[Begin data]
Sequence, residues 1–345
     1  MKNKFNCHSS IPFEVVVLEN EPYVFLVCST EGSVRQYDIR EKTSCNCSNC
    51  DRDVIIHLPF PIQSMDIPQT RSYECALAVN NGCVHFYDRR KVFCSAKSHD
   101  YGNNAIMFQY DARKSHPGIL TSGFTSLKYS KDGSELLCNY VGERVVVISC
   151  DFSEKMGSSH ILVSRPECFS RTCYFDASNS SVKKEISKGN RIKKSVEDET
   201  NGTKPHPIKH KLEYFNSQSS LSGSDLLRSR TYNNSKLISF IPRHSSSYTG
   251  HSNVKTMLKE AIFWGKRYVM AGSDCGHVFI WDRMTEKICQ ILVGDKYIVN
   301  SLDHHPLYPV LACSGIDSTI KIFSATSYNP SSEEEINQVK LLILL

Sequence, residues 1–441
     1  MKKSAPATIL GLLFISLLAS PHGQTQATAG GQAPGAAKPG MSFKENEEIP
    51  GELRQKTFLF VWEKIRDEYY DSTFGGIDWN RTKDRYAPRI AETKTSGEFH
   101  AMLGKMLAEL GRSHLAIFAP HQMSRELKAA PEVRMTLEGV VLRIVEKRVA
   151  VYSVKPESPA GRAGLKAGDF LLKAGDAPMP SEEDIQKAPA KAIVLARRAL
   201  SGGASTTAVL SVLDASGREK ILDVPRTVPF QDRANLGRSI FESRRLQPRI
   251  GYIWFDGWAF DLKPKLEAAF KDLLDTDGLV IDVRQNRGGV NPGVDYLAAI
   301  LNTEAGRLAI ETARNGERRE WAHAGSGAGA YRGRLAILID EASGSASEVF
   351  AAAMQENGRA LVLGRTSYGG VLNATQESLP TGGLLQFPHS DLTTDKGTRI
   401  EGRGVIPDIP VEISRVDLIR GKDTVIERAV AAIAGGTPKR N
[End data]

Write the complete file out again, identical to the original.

Sequence, residues 1–345
     1  MKNKFNCHSS IPFEVVVLEN EPYVFLVCST EGSVRQYDIR EKTSCNCSNC
    51  DRDVIIHLPF PIQSMDIPQT RSYECALAVN NGCVHFYDRR KVFCSAKSHD
   101  YGNNAIMFQY DARKSHPGIL TSGFTSLKYS KDGSELLCNY VGERVVVISC
   151  DFSEKMGSSH ILVSRPECFS RTCYFDASNS SVKKEISKGN RIKKSVEDET
   201  NGTKPHPIKH KLEYFNSQSS LSGSDLLRSR TYNNSKLISF IPRHSSSYTG
   251  HSNVKTMLKE AIFWGKRYVM AGSDCGHVFI WDRMTEKICQ ILVGDKYIVN
   301  SLDHHPLYPV LACSGIDSTI KIFSATSYNP SSEEEINQVK LLILL

Sequence, residues 1–441
     1  MKKSAPATIL GLLFISLLAS PHGQTQATAG GQAPGAAKPG MSFKENEEIP
    51  GELRQKTFLF VWEKIRDEYY DSTFGGIDWN RTKDRYAPRI AETKTSGEFH
   101  AMLGKMLAEL GRSHLAIFAP HQMSRELKAA PEVRMTLEGV VLRIVEKRVA
   151  VYSVKPESPA GRAGLKAGDF LLKAGDAPMP SEEDIQKAPA KAIVLARRAL
   201  SGGASTTAVL SVLDASGREK ILDVPRTVPF QDRANLGRSI FESRRLQPRI
   251  GYIWFDGWAF DLKPKLEAAF KDLLDTDGLV IDVRQNRGGV NPGVDYLAAI
   301  LNTEAGRLAI ETARNGERRE WAHAGSGAGA YRGRLAILID EASGSASEVF
   351  AAAMQENGRA LVLGRTSYGG VLNATQESLP TGGLLQFPHS DLTTDKGTRI
   401  EGRGVIPDIP VEISRVDLIR GKDTVIERAV AAIAGGTPKR N